As a follow-up video to the Life and Times of Chopin, this video discusses the best music of Chopin, in my humble opinion.
Here we’ll look at 6 of his very famous pieces, discuss them a little, and hear some audio clips so you can get a sense of his style.
Chopin wrote over 200 works, the vast majority of which are for solo piano. Chopin loved piano, and he was the only great composer to specialize in one instrument – many composers wrote for many instruments.
And since his music is so utterly pianistic, it doesn’t tend to translate well to other instruments.
All 6 pieces I have chosen below are for solo piano. Though Chopin’s pieces involving other instruments are great too, I wanted to show you what kind of stories he could tell with just one instrument alone.
Chopin’s musical style
Chopin was a Romantic-era composer, meaning he was active in the early to mid-1800s. His music is rich, emotive, and immensely creative.
Here’s what one of his students had to say about piano lessons with Chopin:
“[His] playing was always noble and beautiful; his tones sang, whether in full forte or softest piano. He took infinite pains to teach his pupils this legato, cantabile style of playing. His most severe criticism was “He—or she—does not know how to join two notes together.” He also demanded the strictest adherence to rhythm. He hated all lingering and dragging, misplaced rubatos, as well as exaggerated ritardandos.”
-Friederike (student of Chopin’s)
Aside from writing mainly for the piano, he had other traits that set him apart from musicians of the day.
Since his playing style was so light and delicate, his music was best suited to small gatherings, not concert halls. Chopin didn’t like performing in large halls, and only did so about 30 times in his life.
Instead, he preferred performing in his apartment, or at salons (intellectual parties), where nuances of his light playing style could be heard.
“One may say that Chopin is the creator of a school of piano and a school of preludes on the piano; moreover nothing may be compared to his works full of originality, distinction and grace.”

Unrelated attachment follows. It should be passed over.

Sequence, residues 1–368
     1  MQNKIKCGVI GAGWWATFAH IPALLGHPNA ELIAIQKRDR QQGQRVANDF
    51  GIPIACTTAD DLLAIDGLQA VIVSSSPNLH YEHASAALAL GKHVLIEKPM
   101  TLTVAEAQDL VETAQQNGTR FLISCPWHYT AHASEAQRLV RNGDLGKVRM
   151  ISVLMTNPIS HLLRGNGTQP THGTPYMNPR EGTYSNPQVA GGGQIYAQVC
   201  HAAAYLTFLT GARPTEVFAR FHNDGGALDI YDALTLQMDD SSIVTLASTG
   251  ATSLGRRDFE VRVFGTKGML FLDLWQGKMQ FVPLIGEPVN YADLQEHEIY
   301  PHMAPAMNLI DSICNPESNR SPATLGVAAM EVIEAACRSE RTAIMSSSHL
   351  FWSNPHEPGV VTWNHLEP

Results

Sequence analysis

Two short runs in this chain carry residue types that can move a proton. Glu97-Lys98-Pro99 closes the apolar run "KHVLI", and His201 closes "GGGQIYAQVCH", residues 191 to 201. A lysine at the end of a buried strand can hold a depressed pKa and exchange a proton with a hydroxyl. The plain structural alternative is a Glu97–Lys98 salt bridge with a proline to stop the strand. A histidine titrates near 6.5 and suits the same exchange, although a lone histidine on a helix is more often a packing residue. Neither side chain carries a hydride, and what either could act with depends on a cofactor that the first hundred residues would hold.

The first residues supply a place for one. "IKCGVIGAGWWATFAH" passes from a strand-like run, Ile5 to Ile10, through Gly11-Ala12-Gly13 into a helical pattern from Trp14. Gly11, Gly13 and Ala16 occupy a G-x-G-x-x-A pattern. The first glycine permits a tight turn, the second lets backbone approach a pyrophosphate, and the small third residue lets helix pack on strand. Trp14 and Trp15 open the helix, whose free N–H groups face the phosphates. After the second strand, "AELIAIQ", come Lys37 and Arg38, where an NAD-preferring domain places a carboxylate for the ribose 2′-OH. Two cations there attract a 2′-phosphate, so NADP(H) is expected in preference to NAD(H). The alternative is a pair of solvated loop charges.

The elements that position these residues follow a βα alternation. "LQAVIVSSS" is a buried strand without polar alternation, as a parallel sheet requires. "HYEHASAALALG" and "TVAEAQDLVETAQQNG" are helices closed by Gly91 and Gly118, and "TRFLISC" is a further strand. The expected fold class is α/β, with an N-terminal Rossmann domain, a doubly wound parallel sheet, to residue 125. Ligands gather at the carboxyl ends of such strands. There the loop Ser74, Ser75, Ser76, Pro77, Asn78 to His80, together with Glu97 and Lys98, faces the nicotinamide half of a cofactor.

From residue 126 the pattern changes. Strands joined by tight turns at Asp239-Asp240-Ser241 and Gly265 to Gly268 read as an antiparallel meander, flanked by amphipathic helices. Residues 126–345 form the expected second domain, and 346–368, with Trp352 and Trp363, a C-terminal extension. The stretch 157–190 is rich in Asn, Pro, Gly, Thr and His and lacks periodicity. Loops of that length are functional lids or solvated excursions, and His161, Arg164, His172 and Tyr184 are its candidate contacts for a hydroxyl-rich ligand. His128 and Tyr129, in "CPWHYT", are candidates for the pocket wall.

-Leon Escudier (French journalist/music publisher, 1841)
Chopin’s Musical Influences
His greatest influences were Bach and Mozart. Bach’s collection of 24 Preludes and Fugues, called The Well-Tempered Clavier, was a book Chopin loved, and he even traveled with it to Majorca, Spain in 1838.
Since the Well-Tempered Clavier has a piece for every key on the piano, Chopin used that as inspiration to create his own set of Preludes, one in each key.
Mozart and Chopin shared similarities – for starters, they were both considered child prodigies, with Chopin even being called a “second Mozart”.
Both composers also created highly-developed melodies. Chopin was known to love and respect Mozart’s music, and Mozart’s famous requiem played at Chopin’s funeral.
Like every musician, Chopin had a multitude of influences and inspirations, but ultimately the music he created was uniquely his own.
As to the character of Chopin’s music, Oscar Wilde captures it well:
“After playing Chopin, I feel as if I had been weeping over sins that I had never committed and mourning over tragedies that were not my own.”
The best music of Chopin on piano
Now we’re going to take a deeper look into 6 compositions of Chopin’s. We’ll talk about why they’re awesome, and you can have a look at the videos to see for yourself.
Piano sonata no. 2 in Bb Minor, op. 35
Chopin wrote a few sonatas, but his second sonata in Bb Minor is by far my favorite. It’s so dark and so intense, even terrifying.
I’ve chosen the third movement to show you today, which is the slowest of the three and nicknamed “The Funeral March”, a tune you’ve probably heard at some point, but I urge to listen to the rest of the sonata which I can only describe as feverish.
Helene Grimaud’s performance snippet, seen above, is powerful without being over-dramatic.
The other three movements of the sonata share a similar character, but with speedy tempos. Take a listen to the wild and shimmering 4th movement, the Finale: